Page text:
2020-21 College Basketball Season in Review

LWOS reflects on the 2020-21 college basketball season in review.

Exhale everyone. We made it. A national champion was crowned on Monday night, and a full NCAA Tournament took place, sans one game (more on that later). Hope sprang eternal when college football was able to complete a season, even with its own ups and downs. The road was long, and it took a lot of commitment and sacrifices from many, but the season reached the finish line. This is an amazing feat that requires the thanks of medical staff, players, coaches, and everyone else in between. Keep that in mind as we do our college basketball season in review.

College Basketball Season in Review

November

Perhaps it was just the impending winter weather, but things looked bleak at the start. The Ivy League opted out of the season entirely, along with MEAC programs Bethune-Cookman and UMES. Numerous teams were going on pause, and keeping up with Jon Rothstein’s COVID pause tracker became a daily routine. Bubble events saw many scheduling shuffles, but ultimately many were still able to go on. It felt as though a college basketball season in review might not even be plausible. However, while the season started a little over two weeks later than expected, the ball still tipped on November 25th.

Opening week saw the madness return like it never left. San Diego State knocked off a ranked UCLA team. Georgia State and Georgia Tech played four overtimes. San Francisco held on to topple a top-five team in Virginia. Furthermore, the trend of numerous mid-majors losing to non-Division I teams took off as well. This should’ve been a sign of things to come. Kansas ended the month setting a new record as they were ranked in the AP Poll for the 222nd consecutive week. It was little consolation for their opening game loss to the poll’s top team in Gonzaga.

December

For all the excitement of a new season, we were quickly reminded that there was still a pandemic happening. That should’ve been obvious as numerous postponements and cancellations were happening. However, it didn’t truly set in for many fans until the top two teams in Gonzaga and Baylor had to call off their match-up on December 5th.

Things only got scarier whenΒ Keyontae Johnson of Florida collapsed in their game against Florida State on December 12th. Thankfully, Johnson has been well on his way to recovery since then. However, this incident prompted many to immediately wonder if COVID was to blame. Doctors later revealed it wasn’t, but it still felt like an omen that maybe pressing forward wasn’t a great idea.

Duke made news as well, with Coach Mike Krzyzewski announcing that the Blue Devils would not continue their non-conference schedule due to COVID concerns. There were many who believed this was partly done due to Duke’s unusually poor start, but you can’t blame a coach for being concerned for the health and well-being of his players.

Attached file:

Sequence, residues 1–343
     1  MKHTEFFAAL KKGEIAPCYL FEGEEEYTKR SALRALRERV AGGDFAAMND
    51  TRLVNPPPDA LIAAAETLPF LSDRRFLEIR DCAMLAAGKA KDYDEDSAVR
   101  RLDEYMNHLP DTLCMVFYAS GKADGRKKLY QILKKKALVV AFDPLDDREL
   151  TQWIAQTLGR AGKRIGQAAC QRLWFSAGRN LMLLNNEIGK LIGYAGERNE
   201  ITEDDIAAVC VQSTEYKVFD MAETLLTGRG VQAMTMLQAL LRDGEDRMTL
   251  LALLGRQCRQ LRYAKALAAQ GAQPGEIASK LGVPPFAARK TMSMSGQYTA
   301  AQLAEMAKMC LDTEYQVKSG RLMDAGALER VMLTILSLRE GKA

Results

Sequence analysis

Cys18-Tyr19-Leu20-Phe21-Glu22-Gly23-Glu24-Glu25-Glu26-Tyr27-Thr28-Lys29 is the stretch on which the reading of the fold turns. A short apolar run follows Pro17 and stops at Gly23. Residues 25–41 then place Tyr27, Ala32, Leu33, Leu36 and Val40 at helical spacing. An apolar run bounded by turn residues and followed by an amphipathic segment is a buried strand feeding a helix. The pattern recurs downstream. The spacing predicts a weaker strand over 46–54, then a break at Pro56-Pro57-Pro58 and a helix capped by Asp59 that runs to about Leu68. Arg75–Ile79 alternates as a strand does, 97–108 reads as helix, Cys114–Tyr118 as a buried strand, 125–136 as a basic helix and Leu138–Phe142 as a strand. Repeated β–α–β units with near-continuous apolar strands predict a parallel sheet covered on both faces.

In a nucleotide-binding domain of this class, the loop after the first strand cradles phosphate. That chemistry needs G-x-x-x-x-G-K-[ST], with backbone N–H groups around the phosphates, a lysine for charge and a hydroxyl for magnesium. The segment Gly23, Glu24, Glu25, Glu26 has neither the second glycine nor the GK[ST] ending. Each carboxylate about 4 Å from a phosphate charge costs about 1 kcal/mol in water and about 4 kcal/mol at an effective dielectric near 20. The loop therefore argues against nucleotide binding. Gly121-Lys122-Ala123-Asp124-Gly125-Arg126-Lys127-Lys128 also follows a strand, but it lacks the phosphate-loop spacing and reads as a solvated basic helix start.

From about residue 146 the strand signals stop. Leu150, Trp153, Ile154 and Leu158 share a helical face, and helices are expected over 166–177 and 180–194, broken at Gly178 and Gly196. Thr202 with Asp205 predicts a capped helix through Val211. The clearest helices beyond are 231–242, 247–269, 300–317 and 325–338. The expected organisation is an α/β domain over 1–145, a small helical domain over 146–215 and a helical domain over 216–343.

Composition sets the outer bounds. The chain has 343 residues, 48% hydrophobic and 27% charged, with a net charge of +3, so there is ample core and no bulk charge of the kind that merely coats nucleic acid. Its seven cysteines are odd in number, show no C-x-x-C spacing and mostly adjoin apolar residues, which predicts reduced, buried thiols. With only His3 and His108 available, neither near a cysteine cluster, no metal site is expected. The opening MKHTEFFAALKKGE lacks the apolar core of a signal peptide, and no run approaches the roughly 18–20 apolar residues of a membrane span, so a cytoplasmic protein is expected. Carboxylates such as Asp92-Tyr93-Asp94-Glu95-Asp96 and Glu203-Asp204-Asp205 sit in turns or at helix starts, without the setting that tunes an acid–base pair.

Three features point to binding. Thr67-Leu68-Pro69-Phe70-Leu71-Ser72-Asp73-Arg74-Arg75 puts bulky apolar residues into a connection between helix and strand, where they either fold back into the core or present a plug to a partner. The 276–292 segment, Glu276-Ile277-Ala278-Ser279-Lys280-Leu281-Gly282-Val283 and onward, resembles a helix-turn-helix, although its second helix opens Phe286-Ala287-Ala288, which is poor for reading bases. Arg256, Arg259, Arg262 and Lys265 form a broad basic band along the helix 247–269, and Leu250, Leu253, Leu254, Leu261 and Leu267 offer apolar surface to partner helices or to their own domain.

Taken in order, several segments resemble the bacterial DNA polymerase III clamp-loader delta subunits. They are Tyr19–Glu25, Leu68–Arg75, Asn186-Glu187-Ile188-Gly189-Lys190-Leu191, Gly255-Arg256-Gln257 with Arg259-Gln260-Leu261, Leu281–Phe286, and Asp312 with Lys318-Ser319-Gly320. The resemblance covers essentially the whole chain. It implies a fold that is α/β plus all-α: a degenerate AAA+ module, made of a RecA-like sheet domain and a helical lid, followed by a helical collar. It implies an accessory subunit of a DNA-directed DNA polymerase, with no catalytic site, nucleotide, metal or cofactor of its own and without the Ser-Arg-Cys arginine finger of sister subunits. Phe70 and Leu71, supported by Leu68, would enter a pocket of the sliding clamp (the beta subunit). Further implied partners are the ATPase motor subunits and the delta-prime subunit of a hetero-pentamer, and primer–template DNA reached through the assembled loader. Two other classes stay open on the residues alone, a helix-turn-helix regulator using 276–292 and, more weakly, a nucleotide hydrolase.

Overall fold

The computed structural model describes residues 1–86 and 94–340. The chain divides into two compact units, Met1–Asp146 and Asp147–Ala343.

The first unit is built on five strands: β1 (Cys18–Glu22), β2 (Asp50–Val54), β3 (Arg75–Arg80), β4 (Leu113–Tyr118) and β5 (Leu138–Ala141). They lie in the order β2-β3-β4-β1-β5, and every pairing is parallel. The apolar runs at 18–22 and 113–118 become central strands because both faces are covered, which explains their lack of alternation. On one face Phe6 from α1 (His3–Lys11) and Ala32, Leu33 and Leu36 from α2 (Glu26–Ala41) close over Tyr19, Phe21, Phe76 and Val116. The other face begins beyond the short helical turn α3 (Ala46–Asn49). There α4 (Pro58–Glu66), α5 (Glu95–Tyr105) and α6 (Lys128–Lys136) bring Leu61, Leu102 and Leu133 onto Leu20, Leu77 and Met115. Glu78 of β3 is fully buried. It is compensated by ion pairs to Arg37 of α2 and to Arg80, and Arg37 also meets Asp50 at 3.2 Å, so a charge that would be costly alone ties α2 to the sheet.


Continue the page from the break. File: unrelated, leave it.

The month wasn’t all doom and gloom though, unless you’re a Kansas State fan. The Wildcats lost to Division II Fort Hays State, becoming the first power team to lose at home to a non-DI opponent for the first time in 20 years. Illinois State had 57 assists and shot 83.4 percent from the field in a 177-108 victory over non-DI Greenville, both Division I records. Ohio set its own record, going on a 40-0 run in a 101-46 rout of Cleveland State. It was hard to believe at the time that both teams would be playing in the NCAA Tournament.

January

The month of January saw a few surprise teams announce themselves. Michigan and Alabama didn’t have the highest of expectations, but both made it clear in January that they were ready for the spotlight. The Wolverines became the first team in Division I history to beat three straight top 25 teams by at least 19 points. They knocked off ranked Northwestern, Minnesota, and Wisconsin at the beginning of the month. Meanwhile, Alabama caught fire from beyond the arc. They drained 15 threes in a 31-point win over Arkansas and then hit 23 more in a 30-point rout of LSU one game later. It became the calling card for the Crimson Tide as they cruised to an SEC title.

While those teams were ascending, Duke, Kentucky, and North Carolina weren’t. We got more AP Poll history, as all three programs failed to appear in it at the same time for the first time since 1961. It was a sign of things to come as only North Carolina ended up dancing in March.

Out in California, UC Davis went 49 days without playing a game. The Aggies were forced to cancel many Big West games as local COVID ordinances prevented them from playing their scheduled games. Meanwhile, the Patriot League became the last league to tip-off conference play. Even with the delayed schedule, Loyola of Maryland and American still had to take COVID pauses right away, playing their first games of the season on January 16th.

All eyes also started to shift to the remaining unbeaten teams. The most unlikely of that group was Winthrop, who had rolled through their non-conference slate and the Big South. That all ended, however, against UNC Asheville on January 29th. It was the only loss the Eagles would suffer before the NCAA Tournament.

February

The college basketball season in review saw a major upset right away in February. East Carolina stunned fifth-ranked Houston for their first win against a top-five team in program history. This was one of the more head-scratching losses of the season for any ranked team and one that contributed to Houston not winning the AAC regular-season title.